Expert advice from Maureen Carlson, of Good Scout, a social good consultancy that helps brands take smart, impactful and sustainable leaps in how they do greater good
When it comes to local events, what benefits are most attractive to potential sponsors?
Each sponsor and their needs at a local event vary from event to event and from brand to brand. It really is a conversation with your sponsors to see what parts of your sponsorship packages they find the most valuable and then customizing a package for them that meets those needs. In general though corporate sponsors tell us they are interested in experiential interaction with their products. So not just logo exposure, but how do the participants interact on site with the corporate partner brand and products in a meaningful way.
Who should I be trying to sell sponsorship to — the marketing department, HR, the corporate foundation? What advice can you share on getting in to see decision makers?
At Good Scout we always say that if sponsorship is an afterthought to your organization it will never be more than an afterthought to the company you are pitching. So committing a person to do this proactively is really more important then which department they live in. In general we do see that most sponsorship recruitment falls in the development department and most sponsorship analysis lands in the marketing department. Use every contact you have at your fingertips to find a “warm” lead at a company. It is always better to have a introduction to decision makers than to cold call. So figure out who you know and then talk to them about who they know.S
How can I research a company before a meeting? What should I be looking for?
Websites like Hoovers can help identify information about the company and can go very deep depending on your membership level and investment. But a good place to start for free is to peruse the corporate PR and community giving areas on the corporate website. You can usually find out much or what you are looking for from reading press releases on the company over the last year. You are looking for information on what causes they partner with and why, what is happening in their industry sector that might make alignment with your event or organization appealing to them, how they measure success in their sponsorship relationships, etc.
What are the biggest mistakes you see nonprofits making when approaching potential corporate sponsors?
One mistake Good Scout sees often is the NPO focusing too much on the value of their cause and not enough time on the value of your sponsorship package in terms of tangible ROI. Another key mistake is not customizing package for the partner that meets their needs. Not everyone is going to see your tight sponsorship packages and be wowed by the assets you are providing, many will want to have a conversation about how to take those packages and customize them for maximum impact. Refusing to think outside the levels can be very detrimental.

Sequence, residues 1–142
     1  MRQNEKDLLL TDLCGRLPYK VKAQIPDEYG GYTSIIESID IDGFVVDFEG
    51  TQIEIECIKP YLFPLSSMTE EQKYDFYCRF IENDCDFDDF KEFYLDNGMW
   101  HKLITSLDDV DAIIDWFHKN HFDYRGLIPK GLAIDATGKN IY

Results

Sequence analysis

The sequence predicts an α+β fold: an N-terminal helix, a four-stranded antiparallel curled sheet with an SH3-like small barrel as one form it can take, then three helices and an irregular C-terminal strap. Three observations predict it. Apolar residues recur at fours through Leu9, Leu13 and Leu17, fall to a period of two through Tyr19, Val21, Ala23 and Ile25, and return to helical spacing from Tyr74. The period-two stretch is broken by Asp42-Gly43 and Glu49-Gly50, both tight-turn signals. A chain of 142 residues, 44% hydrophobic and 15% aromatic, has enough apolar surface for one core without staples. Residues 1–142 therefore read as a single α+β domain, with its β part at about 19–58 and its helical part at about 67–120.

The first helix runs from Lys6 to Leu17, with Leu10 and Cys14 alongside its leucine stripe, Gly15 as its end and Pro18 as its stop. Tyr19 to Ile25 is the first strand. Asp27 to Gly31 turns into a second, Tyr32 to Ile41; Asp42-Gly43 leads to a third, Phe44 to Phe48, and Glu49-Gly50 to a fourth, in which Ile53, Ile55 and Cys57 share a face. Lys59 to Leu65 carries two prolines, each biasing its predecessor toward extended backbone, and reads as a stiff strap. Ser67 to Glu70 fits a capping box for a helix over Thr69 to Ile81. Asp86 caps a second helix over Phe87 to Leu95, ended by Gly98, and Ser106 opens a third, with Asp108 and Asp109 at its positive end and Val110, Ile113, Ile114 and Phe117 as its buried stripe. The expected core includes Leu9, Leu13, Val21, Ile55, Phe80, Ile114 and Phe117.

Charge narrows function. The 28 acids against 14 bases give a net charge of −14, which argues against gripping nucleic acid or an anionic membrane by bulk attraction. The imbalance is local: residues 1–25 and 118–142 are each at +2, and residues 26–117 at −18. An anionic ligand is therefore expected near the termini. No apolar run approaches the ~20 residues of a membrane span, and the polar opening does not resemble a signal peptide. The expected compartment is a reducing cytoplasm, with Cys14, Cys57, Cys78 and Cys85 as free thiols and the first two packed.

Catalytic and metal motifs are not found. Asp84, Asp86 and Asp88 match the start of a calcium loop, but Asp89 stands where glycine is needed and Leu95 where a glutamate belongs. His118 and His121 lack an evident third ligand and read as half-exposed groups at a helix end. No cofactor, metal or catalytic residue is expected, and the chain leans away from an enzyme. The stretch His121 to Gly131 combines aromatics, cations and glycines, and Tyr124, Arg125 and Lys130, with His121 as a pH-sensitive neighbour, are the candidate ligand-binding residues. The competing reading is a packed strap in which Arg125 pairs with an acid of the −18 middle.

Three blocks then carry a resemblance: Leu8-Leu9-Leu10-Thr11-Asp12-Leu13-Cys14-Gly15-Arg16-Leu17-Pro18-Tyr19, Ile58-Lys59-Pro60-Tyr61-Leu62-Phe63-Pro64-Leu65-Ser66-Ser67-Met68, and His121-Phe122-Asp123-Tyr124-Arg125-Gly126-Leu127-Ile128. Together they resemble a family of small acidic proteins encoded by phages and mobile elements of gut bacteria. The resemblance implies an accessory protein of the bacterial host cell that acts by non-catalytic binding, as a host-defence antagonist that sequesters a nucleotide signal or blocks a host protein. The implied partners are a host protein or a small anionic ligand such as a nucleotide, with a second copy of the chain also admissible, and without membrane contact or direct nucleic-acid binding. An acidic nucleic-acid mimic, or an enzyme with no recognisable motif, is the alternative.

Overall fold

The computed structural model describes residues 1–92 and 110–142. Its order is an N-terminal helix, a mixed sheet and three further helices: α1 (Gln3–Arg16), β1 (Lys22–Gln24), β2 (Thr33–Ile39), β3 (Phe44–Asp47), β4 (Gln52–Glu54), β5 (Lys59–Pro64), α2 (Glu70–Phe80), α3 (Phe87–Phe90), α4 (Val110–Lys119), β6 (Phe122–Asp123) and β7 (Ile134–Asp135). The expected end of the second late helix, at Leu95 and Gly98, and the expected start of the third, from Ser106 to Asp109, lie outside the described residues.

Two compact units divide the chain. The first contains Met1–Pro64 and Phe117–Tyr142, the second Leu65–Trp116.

How do I come up with sponsorship pricing? Should I have standard tiers such as bronze, silver and gold?
At Good Scout we believe your packages should be created in terms of levels and then used as a framework in outreach conversations with potential sponsors. In other words build your levels but be fully prepared to move around those levels to customize for the corporate sponsor. Also, we believe that your level prices has to be root in an actual metric or algorithm. Good Scout has a tool called CauseRate that evaluates metrics in both the tangible and intangible space to create definitive values for a nonprofit’s minimum guarantee threshold and for their individual event sponsorship levels.
What can we do to increase the chances that a corporate sponsor will come back year after year?
Stewardship. Stewardship. Stewarship. Make sure there is someone on your team working to ensure the sponsor’s experience with your event was excellent…that your team provided a wrap report clearly defining the value of aligning with your event and that creates an open line of communication to discuss what went well, what could be improved and how to capitalize on the partnership the following year.
I run an endurance fundraising program involving a few hundred participants. Is it worthwhile for me to try to sell corporate sponsorship?
Yes, make sure your packages have experiential value and that your corporate targets are appropriate based on your event (a right-fit, appeal to the same demographic, etc.) Aim for 25% of your income to come from sponsorship.